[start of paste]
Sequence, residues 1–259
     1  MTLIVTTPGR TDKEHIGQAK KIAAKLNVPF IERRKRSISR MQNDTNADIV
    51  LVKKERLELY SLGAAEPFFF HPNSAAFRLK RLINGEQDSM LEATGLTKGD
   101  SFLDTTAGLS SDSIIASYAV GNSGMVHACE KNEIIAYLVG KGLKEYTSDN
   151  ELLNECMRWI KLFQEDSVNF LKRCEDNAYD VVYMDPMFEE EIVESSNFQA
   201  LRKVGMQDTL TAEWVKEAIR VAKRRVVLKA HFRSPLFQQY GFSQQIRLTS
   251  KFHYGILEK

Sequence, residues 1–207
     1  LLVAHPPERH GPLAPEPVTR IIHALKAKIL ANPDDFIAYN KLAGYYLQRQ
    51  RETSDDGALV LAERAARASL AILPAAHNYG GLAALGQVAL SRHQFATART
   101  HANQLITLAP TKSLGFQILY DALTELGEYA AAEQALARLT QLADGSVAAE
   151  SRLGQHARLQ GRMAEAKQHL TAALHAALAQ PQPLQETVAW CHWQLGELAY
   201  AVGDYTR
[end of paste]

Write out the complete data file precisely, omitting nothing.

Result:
Sequence, residues 1–259
     1  MTLIVTTPGR TDKEHIGQAK KIAAKLNVPF IERRKRSISR MQNDTNADIV
    51  LVKKERLELY SLGAAEPFFF HPNSAAFRLK RLINGEQDSM LEATGLTKGD
   101  SFLDTTAGLS SDSIIASYAV GNSGMVHACE KNEIIAYLVG KGLKEYTSDN
   151  ELLNECMRWI KLFQEDSVNF LKRCEDNAYD VVYMDPMFEE EIVESSNFQA
   201  LRKVGMQDTL TAEWVKEAIR VAKRRVVLKA HFRSPLFQQY GFSQQIRLTS
   251  KFHYGILEK

Sequence, residues 1–207
     1  LLVAHPPERH GPLAPEPVTR IIHALKAKIL ANPDDFIAYN KLAGYYLQRQ
    51  RETSDDGALV LAERAARASL AILPAAHNYG GLAALGQVAL SRHQFATART
   101  HANQLITLAP TKSLGFQILY DALTELGEYA AAEQALARLT QLADGSVAAE
   151  SRLGQHARLQ GRMAEAKQHL TAALHAALAQ PQPLQETVAW CHWQLGELAY
   201  AVGDYTR